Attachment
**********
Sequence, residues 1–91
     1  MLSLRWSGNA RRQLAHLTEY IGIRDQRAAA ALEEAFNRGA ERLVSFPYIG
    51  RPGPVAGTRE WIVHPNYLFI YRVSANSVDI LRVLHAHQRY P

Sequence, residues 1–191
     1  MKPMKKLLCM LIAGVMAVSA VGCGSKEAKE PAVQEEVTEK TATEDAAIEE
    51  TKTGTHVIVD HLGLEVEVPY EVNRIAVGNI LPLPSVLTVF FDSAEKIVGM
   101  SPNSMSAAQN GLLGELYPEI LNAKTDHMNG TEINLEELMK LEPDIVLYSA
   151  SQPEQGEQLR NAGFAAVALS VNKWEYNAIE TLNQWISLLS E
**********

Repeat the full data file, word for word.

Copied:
Sequence, residues 1–91
     1  MLSLRWSGNA RRQLAHLTEY IGIRDQRAAA ALEEAFNRGA ERLVSFPYIG
    51  RPGPVAGTRE WIVHPNYLFI YRVSANSVDI LRVLHAHQRY P

Sequence, residues 1–191
     1  MKPMKKLLCM LIAGVMAVSA VGCGSKEAKE PAVQEEVTEK TATEDAAIEE
    51  TKTGTHVIVD HLGLEVEVPY EVNRIAVGNI LPLPSVLTVF FDSAEKIVGM
   101  SPNSMSAAQN GLLGELYPEI LNAKTDHMNG TEINLEELMK LEPDIVLYSA
   151  SQPEQGEQLR NAGFAAVALS VNKWEYNAIE TLNQWISLLS E